The next slide, again, is a recap here. Where you see the MHC to the left bearing the peptide. And to the right, the T cell receptor. Now what happens if a cancer cell, for example, did not have an MHC molecule? Well if that were to be the case, the T cell receptor could no longer recognize it, because this HLA peptide complex that we reviewed earlier, is no longer there. Is this a mechanism that can occur in patients? Yes, it is. It is in fact, one of the escape mechanisms that tumors can take advantage of to elude an immune response taking place in the patient.

There are other mechanisms of escape, but this is one notable one since it implies that even if you have a good T cell with the T cell receptor recognizing the tumor, it simply could no longer start step one, the recognition of the tumor. So this has led scientists to start exploring different designs for a potential receptor in T cells. And the one that we are discussing today, is called a chimeric antigen receptor.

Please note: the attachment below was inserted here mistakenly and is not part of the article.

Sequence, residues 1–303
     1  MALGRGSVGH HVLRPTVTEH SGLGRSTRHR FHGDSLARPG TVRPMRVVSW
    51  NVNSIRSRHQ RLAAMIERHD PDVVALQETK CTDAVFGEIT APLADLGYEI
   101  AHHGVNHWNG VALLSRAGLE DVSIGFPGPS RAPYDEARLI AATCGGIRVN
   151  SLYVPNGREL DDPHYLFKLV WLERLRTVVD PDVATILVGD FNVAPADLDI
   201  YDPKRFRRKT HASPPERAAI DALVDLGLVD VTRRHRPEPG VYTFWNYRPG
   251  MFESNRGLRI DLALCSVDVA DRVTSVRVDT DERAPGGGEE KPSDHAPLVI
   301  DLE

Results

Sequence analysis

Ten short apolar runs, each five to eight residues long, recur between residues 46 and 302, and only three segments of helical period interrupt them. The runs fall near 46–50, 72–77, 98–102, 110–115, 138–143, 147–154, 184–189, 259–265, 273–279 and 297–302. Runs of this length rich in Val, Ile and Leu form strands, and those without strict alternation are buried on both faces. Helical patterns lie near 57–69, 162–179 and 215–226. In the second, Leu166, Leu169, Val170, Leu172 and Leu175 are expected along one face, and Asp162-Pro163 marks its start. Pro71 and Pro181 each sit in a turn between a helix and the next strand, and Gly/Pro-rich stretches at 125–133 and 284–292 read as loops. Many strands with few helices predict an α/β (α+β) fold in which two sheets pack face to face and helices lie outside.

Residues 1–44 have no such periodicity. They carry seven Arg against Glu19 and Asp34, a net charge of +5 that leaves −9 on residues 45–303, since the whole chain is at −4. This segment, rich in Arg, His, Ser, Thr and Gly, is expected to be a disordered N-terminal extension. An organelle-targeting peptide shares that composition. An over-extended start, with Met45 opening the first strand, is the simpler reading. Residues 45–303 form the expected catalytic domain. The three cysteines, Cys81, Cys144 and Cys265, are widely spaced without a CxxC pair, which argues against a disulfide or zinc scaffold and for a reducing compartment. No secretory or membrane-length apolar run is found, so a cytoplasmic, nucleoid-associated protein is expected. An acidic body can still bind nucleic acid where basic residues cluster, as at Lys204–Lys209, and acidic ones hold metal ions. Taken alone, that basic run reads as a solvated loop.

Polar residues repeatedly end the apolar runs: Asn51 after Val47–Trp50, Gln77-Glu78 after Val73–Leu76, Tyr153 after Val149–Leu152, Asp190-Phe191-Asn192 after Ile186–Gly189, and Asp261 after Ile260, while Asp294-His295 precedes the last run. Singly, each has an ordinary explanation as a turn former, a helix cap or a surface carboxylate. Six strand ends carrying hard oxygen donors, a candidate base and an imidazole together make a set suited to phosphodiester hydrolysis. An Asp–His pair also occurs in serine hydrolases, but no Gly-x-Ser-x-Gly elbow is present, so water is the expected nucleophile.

Now known as a CAR receptor, or a CAR molecule, if you like. And that is the structure here, that you see in yellow, at the center of the graphic. We will get to, in a minute, to how it functions. Now these are synthetic receptors that some years ago, we named CARs because they are chimeric in nature. Now chimeric, of course, is a word that goes back to the ancient mythology. Animals are part lion, are part goat, are part bird. And these molecules are chimeric in the way that scientists build them. They assemble different parts that are borrowed from natural molecules, such as antibody or activating receptors or yet other molecules. And assembled together into a single receptor, an artificial receptor, which as we will see in the next slides, serves multiple purposes.